Celebration of Life to honor the life of late CMS principal Dr. Eric Ward
Services celebrating the life of Dr. Eric T. Ward Sr. are Tuesday, Sept. 28, at Forest Hill Church.
CHARLOTTE, N.C. (WBTV) - A celebration of life is happening to honor the principal of Harding University High School Dr. Eric Ward who died last week.
Services celebrating the life of Dr. Eric T. Ward Sr. are Tuesday, Sept. 28, at Forest Hill Church, 7224 Park Road, Charlotte 28210 and are as follows:
- Public viewing | 11:06 a.m.-1:06 p.m.
- Celebration of Life | 2:06 p.m.
- Interment | Gethsemane Memorial Gardens, Charlotte
The significance of these times being the sixth minute past each hour is because Dr. Ward was a member of Alpha Phi Alpha Fraternity Incorporated - founded in 1906.
High school principals and athletic directors were asked to observe a moment of silence for Dr. Ward at their football games Friday night.
WBTV had interviewed Ward over the years on various stories, including his efforts to break down language barriers in his school.
CMS Superintendent Earnest Winston provided the following statement about Dr. Ward:
“I am saddened by the passing of Dr. Eric Ward, but share the fondest of memories of him and his contributions to Harding University High school and the CMS family. We lost a great leader and person yesterday, but his legacy lives on in the staff he led and students and alumni whose lives he impacted during his nearly 25-year career in the district. Eric was revered by his students, colleagues and school partners. We will remember him for his student-centered approach to learning and passion to improve outcomes for students. We share our sympathies with Eric’s wife, Sophia, Eric’s children, Eric Jr. and Kabrea, and with Eric’s extended family and friends. The district will honor Eric’s memory by stepping up during this time of grief to support the staff and students he loved so much. The entire CMS family thanks the community for its outpouring of support and sympathy,” Winston’s statement read.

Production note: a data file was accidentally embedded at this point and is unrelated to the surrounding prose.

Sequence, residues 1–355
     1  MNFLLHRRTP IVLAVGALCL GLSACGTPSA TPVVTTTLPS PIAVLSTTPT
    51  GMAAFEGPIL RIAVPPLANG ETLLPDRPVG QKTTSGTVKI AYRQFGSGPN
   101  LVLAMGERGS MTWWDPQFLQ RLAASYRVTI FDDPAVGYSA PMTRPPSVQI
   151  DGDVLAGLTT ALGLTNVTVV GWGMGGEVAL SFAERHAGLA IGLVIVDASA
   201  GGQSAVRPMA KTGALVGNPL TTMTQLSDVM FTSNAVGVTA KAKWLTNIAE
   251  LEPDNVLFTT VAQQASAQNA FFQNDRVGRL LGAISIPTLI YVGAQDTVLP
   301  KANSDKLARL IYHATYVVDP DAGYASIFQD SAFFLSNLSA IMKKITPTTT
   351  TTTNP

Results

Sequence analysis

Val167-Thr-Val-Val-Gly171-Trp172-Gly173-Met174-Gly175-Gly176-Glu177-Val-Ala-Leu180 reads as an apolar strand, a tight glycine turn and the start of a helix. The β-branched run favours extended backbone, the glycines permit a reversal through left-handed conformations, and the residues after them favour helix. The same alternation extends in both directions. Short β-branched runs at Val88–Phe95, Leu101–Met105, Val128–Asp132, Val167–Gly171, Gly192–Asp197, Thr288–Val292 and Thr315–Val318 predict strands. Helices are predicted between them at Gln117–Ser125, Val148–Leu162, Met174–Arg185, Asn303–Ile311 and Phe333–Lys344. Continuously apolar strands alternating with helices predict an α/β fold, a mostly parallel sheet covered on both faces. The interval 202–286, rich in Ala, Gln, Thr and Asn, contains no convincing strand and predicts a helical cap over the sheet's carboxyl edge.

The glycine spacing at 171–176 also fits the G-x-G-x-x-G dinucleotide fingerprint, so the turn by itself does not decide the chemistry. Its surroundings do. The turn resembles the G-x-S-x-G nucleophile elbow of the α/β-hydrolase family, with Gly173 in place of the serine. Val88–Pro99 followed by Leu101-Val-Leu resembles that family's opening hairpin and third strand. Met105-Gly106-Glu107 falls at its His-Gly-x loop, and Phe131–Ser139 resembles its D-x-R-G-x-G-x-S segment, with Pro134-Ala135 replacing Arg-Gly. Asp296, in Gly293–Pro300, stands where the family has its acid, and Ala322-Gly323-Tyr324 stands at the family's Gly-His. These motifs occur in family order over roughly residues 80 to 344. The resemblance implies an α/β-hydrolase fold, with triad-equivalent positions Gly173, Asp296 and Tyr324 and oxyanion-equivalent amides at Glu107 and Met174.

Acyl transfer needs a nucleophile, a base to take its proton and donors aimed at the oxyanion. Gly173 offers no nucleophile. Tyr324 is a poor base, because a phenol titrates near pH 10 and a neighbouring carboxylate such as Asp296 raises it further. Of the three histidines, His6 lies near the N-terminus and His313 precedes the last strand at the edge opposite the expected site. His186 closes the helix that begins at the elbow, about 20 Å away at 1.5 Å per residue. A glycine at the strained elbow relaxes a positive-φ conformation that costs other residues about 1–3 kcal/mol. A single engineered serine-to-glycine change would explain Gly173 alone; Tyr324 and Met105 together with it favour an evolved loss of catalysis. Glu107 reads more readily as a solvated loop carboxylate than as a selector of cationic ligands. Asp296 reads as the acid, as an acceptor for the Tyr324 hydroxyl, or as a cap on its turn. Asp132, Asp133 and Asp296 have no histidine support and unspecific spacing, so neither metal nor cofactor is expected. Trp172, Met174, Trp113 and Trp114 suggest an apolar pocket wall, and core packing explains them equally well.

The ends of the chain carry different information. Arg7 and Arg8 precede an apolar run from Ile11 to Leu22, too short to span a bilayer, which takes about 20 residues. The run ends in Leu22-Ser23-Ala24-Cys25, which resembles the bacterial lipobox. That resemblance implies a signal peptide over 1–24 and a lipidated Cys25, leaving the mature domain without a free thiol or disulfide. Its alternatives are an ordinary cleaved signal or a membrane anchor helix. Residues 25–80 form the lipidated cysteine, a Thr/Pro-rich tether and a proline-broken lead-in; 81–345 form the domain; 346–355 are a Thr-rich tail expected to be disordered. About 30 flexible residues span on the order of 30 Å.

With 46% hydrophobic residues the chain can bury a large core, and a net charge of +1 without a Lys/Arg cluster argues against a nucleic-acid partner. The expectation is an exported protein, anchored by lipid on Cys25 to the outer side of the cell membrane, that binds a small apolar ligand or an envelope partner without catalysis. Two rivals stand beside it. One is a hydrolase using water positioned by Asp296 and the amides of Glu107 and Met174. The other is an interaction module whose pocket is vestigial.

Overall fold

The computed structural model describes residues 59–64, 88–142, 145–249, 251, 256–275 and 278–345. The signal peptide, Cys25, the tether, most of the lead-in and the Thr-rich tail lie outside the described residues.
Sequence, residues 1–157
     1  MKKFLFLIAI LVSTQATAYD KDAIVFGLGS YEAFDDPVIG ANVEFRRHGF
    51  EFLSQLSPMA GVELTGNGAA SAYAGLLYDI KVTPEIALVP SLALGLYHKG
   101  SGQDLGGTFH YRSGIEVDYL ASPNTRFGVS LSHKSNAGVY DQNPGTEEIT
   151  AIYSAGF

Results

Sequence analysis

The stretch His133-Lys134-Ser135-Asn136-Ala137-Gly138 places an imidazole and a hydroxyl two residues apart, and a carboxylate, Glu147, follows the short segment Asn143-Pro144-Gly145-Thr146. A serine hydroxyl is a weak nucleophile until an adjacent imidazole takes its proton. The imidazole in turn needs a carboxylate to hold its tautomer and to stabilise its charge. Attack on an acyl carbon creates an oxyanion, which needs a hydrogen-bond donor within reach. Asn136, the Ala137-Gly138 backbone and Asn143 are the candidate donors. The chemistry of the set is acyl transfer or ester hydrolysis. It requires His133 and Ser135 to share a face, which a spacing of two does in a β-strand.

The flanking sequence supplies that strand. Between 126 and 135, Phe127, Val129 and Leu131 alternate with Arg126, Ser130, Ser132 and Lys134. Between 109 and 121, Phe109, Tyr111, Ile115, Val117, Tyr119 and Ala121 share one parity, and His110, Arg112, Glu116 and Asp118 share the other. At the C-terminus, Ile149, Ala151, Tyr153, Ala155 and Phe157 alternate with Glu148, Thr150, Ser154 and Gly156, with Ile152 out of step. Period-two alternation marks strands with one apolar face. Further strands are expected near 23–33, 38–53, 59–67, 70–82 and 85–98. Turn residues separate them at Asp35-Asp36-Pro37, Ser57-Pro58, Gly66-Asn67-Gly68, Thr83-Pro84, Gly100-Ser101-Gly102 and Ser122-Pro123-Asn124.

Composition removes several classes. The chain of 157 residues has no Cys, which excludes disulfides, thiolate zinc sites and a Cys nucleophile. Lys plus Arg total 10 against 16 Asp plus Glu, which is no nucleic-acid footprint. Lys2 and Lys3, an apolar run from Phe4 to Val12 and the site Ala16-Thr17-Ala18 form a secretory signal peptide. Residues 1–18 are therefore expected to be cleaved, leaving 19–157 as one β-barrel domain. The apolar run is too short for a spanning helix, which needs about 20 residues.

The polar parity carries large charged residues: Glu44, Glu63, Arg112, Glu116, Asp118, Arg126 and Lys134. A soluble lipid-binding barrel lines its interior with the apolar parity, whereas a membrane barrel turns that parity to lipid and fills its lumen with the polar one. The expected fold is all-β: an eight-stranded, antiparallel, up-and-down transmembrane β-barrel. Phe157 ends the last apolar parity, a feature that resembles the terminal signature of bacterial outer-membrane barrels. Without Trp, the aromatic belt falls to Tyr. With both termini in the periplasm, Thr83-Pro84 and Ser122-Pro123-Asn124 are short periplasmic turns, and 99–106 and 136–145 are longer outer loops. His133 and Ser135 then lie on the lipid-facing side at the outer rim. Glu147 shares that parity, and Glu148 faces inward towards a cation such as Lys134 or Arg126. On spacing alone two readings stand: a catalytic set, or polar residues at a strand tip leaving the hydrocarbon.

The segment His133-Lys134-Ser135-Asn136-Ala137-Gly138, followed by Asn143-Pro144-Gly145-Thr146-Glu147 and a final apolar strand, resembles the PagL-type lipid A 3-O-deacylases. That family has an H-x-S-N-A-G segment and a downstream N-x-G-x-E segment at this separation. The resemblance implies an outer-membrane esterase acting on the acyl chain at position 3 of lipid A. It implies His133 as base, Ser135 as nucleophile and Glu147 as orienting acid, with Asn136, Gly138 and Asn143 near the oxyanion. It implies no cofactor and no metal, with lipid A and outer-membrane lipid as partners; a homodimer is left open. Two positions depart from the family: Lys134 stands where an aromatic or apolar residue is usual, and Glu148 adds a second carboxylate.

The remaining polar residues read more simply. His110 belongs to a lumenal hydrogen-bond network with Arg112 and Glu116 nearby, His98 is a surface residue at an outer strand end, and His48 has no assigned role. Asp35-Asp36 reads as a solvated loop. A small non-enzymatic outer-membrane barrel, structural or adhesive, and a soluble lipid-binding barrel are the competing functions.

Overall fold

A post on the Charlotte Mecklenburg Association of Educators’ Facebook page said Ward worked for CMS for more than two decades.
“He was well known for his supportive leadership and his sparkling sense of humor, and he will be missed by so many,” the post stated. “Our hearts and prayers go out to Dr. Ward’s wife and children, the Harding High, Olympic, West Mecklenburg, Wilson, and Independence community, and the many people whose lives Dr. Ward touched. Rest in Peace.”
Ward served in various roles during his 24-year career with CMS. He started off as high school math teacher, later climbing the ranks as assistant principal and principal for multiple schools.
“He came in and changed the face of the school, the dynamics of the school,” said co-worker O’Bryan Williams.
Aside from Harding, Ward also worked at Independence High School, West Mecklenburg High School, Wilson Middle School, and Olympic High School of Technology, Entrepreneurship, and Advanced Manufacturing.
Besides his teaching and leadership skills, Ward’s youngest sister ShaKema Covington says he’s a family man and friend to so many people.
“He adored his wife and doted on her and loved her so much, and his children, that great father figure. That’s just who he was. He was a great person, in all entities,” Covington said.
Covington says ever since she was a little girl she called her big brother “bubby” and says he was her hero.
“Going through a personal health journey I had made a post ‘who’s gonna shave their head with me?’ He was like ‘I’m right there baby girl.’ He was ever-present,” she said.
Covington says her brother grew up in Columbus County and was “hometown famous.”
“All you have to do is make mention of his name Eric Ward and it just stands alone, you know starting here in the community,” she said.
O’Bryan Williams has worked with Ward for the last four years. He says Principal Ward would send an encouraging email every morning before the sun came up.
“It was always something inspiring, something very encouraging,” Williams said.
Other co-workers remember his sense of humor and the famous Christmas suit he wore every year around the holidays.
“It was a Christmas suit with a matching shirt, matching tie, pants, and shoes,” Williams said.
Students, alumni, co-workers and other CMS staff shared their fondest memories of Ward on social media. Williams says his legacy and impact stretched far and wide.
“His presence alone was breathtaking,” Williams said.
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